Crashes No. 1 cause of young people’s deaths |

Crashes No. 1 cause of young people’s deaths

GENEVA ” Car crashes are the leading cause of death worldwide for people between 10 and 24, the U.N. health agency said Thursday, adding that most such fatalities occur in developing countries with poor road safety conditions.

Nearly 400,000 young people under 25 are killed in traffic accidents every year and millions more are injured or disabled, the World Health Organization said.

“The lack of safety on our roads has become an important obstacle to health and development,” said WHO’s director-general, Dr. Margaret Chan. “Our children and young adults are among the most vulnerable.”

The agency’s 40-page “youth and road safety” report was issued as part of a new initiative by the United Nations to improve global road safety.

“Road traffic crashes are not ‘accidents,”‘ Chan said. “We need to challenge the notion that they are unavoidable.”

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WHO said deaths from lower respiratory infections, AIDS and diarrhea are much higher for children up to age 10, but then fatalities from road accidents jump dramatically. Young males are at higher risk than females in every age group under 25, it added.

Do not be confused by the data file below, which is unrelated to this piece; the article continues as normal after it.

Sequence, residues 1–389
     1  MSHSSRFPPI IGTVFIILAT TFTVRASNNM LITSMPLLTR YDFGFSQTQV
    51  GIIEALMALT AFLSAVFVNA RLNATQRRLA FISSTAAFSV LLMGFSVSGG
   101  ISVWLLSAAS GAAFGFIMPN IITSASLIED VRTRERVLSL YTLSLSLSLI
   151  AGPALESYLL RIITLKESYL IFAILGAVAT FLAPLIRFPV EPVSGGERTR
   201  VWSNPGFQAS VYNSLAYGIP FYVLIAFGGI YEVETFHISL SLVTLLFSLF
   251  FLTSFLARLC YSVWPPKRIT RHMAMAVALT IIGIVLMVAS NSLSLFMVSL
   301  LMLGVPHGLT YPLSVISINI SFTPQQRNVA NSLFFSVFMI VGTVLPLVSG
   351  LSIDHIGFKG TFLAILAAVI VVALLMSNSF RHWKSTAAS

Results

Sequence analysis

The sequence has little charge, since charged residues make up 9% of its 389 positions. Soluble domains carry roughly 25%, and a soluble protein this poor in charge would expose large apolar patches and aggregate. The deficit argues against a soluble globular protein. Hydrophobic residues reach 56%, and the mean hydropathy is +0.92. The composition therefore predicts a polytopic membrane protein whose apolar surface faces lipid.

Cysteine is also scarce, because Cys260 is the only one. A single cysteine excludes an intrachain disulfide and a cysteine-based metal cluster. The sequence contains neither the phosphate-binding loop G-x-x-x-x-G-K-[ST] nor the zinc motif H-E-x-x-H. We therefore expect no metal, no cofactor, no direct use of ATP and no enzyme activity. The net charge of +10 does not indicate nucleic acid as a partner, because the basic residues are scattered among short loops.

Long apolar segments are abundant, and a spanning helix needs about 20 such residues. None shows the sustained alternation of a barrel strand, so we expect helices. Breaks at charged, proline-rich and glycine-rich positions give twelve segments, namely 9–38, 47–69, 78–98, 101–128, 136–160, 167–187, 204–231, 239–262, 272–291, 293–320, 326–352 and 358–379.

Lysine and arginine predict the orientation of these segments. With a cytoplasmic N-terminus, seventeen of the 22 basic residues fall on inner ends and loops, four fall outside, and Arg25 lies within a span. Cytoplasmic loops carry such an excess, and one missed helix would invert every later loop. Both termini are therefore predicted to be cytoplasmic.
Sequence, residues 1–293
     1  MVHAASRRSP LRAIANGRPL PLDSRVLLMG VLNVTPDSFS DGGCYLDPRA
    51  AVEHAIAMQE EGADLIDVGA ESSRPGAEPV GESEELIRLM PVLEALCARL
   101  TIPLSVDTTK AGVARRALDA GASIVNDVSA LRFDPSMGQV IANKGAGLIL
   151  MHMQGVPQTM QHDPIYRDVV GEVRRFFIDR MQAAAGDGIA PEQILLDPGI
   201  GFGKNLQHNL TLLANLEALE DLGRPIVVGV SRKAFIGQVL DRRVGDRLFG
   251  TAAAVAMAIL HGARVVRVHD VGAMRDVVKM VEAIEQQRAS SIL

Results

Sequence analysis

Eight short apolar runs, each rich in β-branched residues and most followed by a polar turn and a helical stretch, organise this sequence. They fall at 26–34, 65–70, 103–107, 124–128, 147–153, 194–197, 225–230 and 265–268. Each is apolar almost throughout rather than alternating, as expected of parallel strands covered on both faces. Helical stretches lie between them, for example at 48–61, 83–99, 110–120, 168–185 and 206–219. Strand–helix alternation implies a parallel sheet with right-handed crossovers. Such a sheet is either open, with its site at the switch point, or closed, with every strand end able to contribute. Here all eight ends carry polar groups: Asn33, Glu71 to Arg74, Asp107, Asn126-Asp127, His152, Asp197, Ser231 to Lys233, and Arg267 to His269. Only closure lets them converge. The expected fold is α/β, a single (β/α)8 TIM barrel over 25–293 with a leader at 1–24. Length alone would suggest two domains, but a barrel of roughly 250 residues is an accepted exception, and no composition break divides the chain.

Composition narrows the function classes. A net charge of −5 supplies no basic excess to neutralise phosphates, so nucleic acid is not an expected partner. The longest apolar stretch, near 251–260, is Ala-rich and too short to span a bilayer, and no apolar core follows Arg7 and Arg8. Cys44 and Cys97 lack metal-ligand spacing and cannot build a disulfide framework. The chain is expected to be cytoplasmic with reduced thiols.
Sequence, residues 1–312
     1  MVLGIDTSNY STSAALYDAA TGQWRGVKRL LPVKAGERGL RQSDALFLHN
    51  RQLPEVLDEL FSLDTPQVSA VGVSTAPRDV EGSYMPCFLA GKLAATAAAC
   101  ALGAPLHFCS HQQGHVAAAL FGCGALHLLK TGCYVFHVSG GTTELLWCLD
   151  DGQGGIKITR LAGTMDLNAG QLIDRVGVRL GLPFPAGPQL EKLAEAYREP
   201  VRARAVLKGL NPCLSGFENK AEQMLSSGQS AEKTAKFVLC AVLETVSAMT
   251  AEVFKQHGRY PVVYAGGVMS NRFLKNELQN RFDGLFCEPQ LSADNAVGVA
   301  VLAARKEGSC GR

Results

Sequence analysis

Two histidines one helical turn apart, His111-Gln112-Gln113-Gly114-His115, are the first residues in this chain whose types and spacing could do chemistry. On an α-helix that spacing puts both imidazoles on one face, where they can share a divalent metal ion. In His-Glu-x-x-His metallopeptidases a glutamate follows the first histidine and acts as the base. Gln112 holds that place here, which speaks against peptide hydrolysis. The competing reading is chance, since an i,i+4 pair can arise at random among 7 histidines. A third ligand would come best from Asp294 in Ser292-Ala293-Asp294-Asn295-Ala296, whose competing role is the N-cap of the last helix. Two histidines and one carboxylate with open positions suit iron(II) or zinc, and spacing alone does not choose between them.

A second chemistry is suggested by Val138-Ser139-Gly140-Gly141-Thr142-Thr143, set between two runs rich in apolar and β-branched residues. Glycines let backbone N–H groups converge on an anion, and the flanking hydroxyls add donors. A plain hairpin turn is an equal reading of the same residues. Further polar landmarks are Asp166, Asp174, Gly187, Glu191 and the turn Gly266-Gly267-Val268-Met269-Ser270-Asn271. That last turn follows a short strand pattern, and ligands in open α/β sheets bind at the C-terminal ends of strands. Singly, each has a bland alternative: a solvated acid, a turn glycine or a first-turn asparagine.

The report said the majority of road deaths could be prevented if proper safety measures were taken. Many accidents involve children playing on the street, young pedestrians and inexperienced motorcyclists and car drivers, it said.

WHO said such measures as enhancing the safety of children traveling to school and lowering blood alcohol limits for young drivers could help cut the death toll.

It also suggested introducing graduated license programs, lowering speed limits, cracking down on drunk driving and enforcing use of protective devices such as seat belts, child restraints and motorcycle helmets.

Authorities also should improve roads and create safe areas away from traffic for children to play, the report said.

WHO estimated road accidents impose $518 billion in economic and health costs around the globe. In some poorer countries, the damage is as high as 1.5 percent of national output and exceeds the total amount of money received in international development aid, it said.

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